- Although rarely mentioned in the literature, issues of stability and reproducibility have been met by all groups working with aggregation process. Those issues come down to a very slow drift of the experimental conditions, with a time-constant in the order of 30min. This issue was investigated by OES (Figure 9a). The setup was modified to measure the charge carried by nanoparticles and gas (Figure 9b). All those results are currently discussed with several groups (Linköping University, Charles University Prague). They are fundamental to the understanding of the NP generation process and seem to confirm the effect of a very small amount of heteroatoms adsorbed on the surface of the metallic target. This topic is also the subject of very recent work (currently done or under review) by those groups, and will be the subject of one or several scientific publication using the results of this project.
Exploitation and Dissemination:
- Workshops: Workshop on attosecond physics and plasmonics - école de physique des Houche, Simulationen in der Photonik - laser-center Hannover.
- Conferences: META - Malaga, Escampig – Bratislava, PSE - Garmisch-Partenkirchen, MIATEC – Paris, HiPIMS – Braunschweig
- Fairs & events: Poster at the SEMICON fair and conference (5-8 oct. 2015 in Dresden). H2020 matchmaking event.
H. Nizard et al., proc. 23rd Europhysics Conference on Atomic and Molecular Physics of Ionized Gases, Bratislava, July 12‐16, 2016
H. Nizard et al., proc. 7th International Conference on Metamaterials, Photonic Crystals and Plasmonics, Malaga, July 25-28, 2016, pp. 2296
H. Nizard et al., Book of abstracts for the15th International Conference on Plasma Surface Engineering, Garmisch-Partenkirchen, Sept. 12-16, 2016
Several additional scientific publications in peer-reviewed journals are in discussion and in preparation.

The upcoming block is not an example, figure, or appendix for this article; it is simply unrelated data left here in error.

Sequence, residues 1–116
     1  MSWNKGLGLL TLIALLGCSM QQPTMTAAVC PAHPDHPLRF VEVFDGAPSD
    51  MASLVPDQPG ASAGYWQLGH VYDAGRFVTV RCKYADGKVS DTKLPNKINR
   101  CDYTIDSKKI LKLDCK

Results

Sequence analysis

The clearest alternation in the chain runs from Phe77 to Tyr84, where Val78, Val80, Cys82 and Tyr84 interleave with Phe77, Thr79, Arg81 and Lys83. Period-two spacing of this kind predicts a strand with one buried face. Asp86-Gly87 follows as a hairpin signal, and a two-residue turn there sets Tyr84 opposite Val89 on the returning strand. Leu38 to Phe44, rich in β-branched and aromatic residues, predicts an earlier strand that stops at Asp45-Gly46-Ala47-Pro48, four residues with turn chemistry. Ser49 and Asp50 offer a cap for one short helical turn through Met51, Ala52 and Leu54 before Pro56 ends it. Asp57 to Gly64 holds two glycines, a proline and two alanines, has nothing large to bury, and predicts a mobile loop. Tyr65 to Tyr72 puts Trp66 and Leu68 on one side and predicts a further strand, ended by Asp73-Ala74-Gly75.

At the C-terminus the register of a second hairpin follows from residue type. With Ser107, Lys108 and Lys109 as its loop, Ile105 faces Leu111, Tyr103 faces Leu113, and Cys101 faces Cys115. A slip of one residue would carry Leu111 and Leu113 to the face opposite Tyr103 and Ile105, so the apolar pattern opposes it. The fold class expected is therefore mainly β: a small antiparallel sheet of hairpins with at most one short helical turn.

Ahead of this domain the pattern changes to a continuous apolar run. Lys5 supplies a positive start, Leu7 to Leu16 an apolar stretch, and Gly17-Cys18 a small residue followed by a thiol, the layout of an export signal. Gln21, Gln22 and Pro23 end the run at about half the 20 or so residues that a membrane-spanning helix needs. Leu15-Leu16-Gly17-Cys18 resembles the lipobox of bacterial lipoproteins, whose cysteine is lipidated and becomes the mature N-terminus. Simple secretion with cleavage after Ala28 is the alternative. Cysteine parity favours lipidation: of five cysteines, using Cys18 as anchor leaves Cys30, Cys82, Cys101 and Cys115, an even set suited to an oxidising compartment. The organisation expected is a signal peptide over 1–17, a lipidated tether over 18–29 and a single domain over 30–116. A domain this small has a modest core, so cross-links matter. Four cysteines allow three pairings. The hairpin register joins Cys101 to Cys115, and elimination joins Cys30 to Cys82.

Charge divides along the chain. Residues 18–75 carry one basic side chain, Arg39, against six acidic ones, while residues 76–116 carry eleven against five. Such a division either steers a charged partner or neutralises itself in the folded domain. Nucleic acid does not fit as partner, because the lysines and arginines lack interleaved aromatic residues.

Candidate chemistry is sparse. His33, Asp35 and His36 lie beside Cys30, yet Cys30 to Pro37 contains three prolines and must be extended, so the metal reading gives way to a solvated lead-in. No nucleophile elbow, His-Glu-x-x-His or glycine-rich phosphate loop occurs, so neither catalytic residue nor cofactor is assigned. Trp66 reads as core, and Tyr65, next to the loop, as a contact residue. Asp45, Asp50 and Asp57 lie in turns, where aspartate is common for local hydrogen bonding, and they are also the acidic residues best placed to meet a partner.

- Concrete advances were made in the understanding of nanoparticle growth models in gas aggregation chamber. In particular, our results highlight the effects of a minimal amount of impurities in the gas flows. And thus, a critical factor for the stability of NP production process has been identified.
- The discussion of those results and of their interpretation have been and continue to be carried out with the scientific community: Scientific contacts and exchanges were established in European (CZ, SE, IT, FR, SP) and international (JP, Mexico) frames. In particular, a fruitful collaboration is expected with university of Prague, with the hope for future academic and students’ exchanges. At his scale, this project made its contribution into bringing together activities of the Dresden academic/industrial cluster with neighboring Czech institutions.
- Results of this project have been regularly disseminated in the scientific community trough communications in 5 international conferences and various other events. It generated interest for our research activities, while presenting the engagement of the EC in H2020 Program.
- Specific efforts have been made to publicize the results and interact with society at large, for instance, this research has involved high-school students from the 7th and 8th class of the Martin-Andersen-Nexoe-Gymnasium (public educative institution) in Dresden. After visiting our laboratory and learning about safety, pupils experimented first-hand with the scientific equipment, gathered results, discussed their interpretation with us, and presented their work in front of their classmates.